Fascism was glamorous--the tailored uniforms, the coy viciousness of it all.
Communism was a gray, baggy-suit bureaucracy that went about its business of slaughtering tens upon tens of millions of people with the bleak arrogance of a state motor vehicle department.
Yes, there were May Day parades, and all the statues and propaganda posters with lifted faces looking at a future hovering like a blimp above a distant stadium. But the soul of communism was a bureaucracy so dingy and paranoid that you wanted to reverse Hannah Arendt's famous phrase and talk instead about the evil of banality.
Joseph Stalin, a hero of banality, is said to have said, "A single death is a tragedy, a million deaths is a statistic."
Sometimes, though, single cases were too important for mere statistics. They required the panoply of denunciation, torture, confession, show trial and a bullet in the head. Then their friends, wives and children were shot or imprisoned. They were tossed into what George Orwell's "1984" called "the memory hole." Their names could not be spoken. Their photographs were destroyed, their very existence denied so that Stalin could head toward the future each morning with a clean windshield and a shoeshine.
The photographs were a problem, because enemies of this importance had appeared in so many of them with Lenin or Stalin. Offices of airbrushers, razor wielders and croppers spent their days retouching photographic history. Is that the saboteur Leon Trotsky standing next to Lenin? Into the memory hole.
They might have come closer to success if an Englishman named David King hadn't spent the last 30 years collecting photographs of the sort now hanging in a passageway at the Newseum in Rosslyn. There are only about 30 of them, but they hint powerfully at the story that King tells in his 1997 book, "The Commissar Vanishes: The Falsification of Photographs and Art in Stalin's Russia."
Here's a group shot of 10 high-ranking Communists at the 14th Party Conference in 1925. King tells and shows what happened to them. One named Lashevich committed suicide. Comrade Frunze died--possibly murdered--on the operating table. Smirnov was shot (along with his wife and daughter). Rykov was condemned as a right-wing opportunist and shot. Skrypnik was accused by Stalin of Ukrainian nationalism and shot himself. Bubnov died in the Gulag. Ordjonikidze killed himself at the height of the Great Purges, and Unschlicht was shot. By 1939, only four people were left in the photograph, and Stalin's hair had been tidied.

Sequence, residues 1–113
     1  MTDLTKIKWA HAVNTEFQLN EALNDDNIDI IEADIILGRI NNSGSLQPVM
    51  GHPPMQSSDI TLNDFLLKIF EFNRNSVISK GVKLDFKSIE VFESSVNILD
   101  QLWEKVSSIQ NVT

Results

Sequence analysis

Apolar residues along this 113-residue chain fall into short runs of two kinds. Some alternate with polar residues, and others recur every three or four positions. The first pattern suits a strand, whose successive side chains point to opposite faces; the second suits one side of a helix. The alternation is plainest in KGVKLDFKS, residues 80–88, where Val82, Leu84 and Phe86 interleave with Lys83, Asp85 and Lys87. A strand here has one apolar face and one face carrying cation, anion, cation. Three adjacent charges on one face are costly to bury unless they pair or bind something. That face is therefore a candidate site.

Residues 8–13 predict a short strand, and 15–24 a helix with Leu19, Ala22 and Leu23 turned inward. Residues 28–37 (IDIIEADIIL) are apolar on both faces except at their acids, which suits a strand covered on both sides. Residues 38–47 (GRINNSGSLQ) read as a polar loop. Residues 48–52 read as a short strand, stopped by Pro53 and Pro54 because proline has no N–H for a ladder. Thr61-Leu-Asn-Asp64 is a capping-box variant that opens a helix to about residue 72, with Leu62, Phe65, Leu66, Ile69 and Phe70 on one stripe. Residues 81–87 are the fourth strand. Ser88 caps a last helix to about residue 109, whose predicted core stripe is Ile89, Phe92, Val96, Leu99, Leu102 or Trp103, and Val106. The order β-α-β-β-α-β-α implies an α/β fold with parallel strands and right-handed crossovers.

(Imagine the work that had to be done on photographs of the 17th Party Congress in 1934--out of 1,961 people attending, 1,108 were liquidated, King says.)
Speakers come and go in front of crowds that shrink and swell. Candelabra and pillars are touched in and out. Here's Stalin in a famous Soviet icon, "Friend of the Little Children." He holds a bouquet and a gleeful little girl, Gelya Markizova, while a first secretary of the party, M.I. Erbanov, grins in the background.
A year later, Gelya's father was shot for spying. Then her mother died in a murder that authorities never investigated. Then Erbanov was purged and deleted from the photograph. A sculpture was made, but when rumors about murder circulated, the propaganda value of the image fell, causing the sculptor to be denounced.
Stalin wanted Lenin to be sanctified, and himself shown as Lenin's chosen heir. The retouchers took care of it, erasing all enemies and ambiguities.
Trotsky, Stalin's rival to succeed Lenin, was wiped out of all photographs after Stalin won, though Trotsky himself wasn't killed until 1940, in his exile in Mexico. (In the late 1960s, American student radicals would chant "Off the Trots!" at anti-war demonstrations. Banality has a glamour all its own.)
You might point out that Lincoln credited Mathew Brady with helping him win the 1860 election by retouching a portrait to make his neck shorter and his face younger; that photographers rarely showed Franklin D. Roosevelt in his wheelchair. And advertisers, artists and photographers themselves have been superimposing and airbrushing photographs for more than a century. The famous film of Hitler dancing with glee at the surrender of France was a Western propaganda fraud. And the Postal Service took the cigarette out of Jackson Pollock's mouth when it printed his face on a stamp, thereby improving history. There's a touch of Stalin in us all, perhaps.
Mathew Brady didn't kill uncountable millions of people, however, and he did the retouching better. And he didn't threaten to kill us if we didn't join him in rewriting history in the name of revolutionary truth. We're still allowed to own a picture of Pollock with cigarette. (But should we let our children see it? Oh, the banality of prudery.)
Under the doctrine of "personal responsibility," good Soviet citizens would cut enemies of the people from their books and albums.
Even Alexander Rodchenko, a great photographer of the '20s and '30s, defaced his copy of his "Ten Years of Uzbekistan," leaving faces inked out with a sloppiness that gives them a postmodern touch, as if they were ironic comments on portraiture or photography.
Retouching of photographs and history went on long after Stalin died in 1953. Khrushchev restored people, Brezhnev blotted them out again.
Then when communism was overthrown, crowds throughout the Soviet Union pulled down statues of Stalin and Lenin and destroyed them, too.
The show runs through Nov. 21 at the Newseum in Rosslyn.